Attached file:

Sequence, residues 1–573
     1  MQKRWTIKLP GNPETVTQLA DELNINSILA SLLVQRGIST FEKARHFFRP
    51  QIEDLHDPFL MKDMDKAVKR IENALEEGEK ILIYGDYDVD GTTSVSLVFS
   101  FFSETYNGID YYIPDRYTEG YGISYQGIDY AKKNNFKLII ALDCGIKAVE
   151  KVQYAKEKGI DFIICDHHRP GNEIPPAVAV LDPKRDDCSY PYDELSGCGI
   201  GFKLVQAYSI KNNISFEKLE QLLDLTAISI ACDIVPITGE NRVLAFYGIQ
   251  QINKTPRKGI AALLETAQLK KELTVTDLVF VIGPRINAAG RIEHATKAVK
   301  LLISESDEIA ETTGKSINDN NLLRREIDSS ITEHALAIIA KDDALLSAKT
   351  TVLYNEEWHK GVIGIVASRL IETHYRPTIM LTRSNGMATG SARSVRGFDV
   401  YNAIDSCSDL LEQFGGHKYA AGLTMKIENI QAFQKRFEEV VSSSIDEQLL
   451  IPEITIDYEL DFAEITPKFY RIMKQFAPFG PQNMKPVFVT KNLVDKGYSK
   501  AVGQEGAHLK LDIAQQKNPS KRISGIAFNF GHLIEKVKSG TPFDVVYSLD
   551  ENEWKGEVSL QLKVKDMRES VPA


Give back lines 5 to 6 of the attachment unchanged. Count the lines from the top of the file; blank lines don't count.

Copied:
   151  KVQYAKEKGI DFIICDHHRP GNEIPPAVAV LDPKRDDCSY PYDELSGCGI
   201  GFKLVQAYSI KNNISFEKLE QLLDLTAISI ACDIVPITGE NRVLAFYGIQ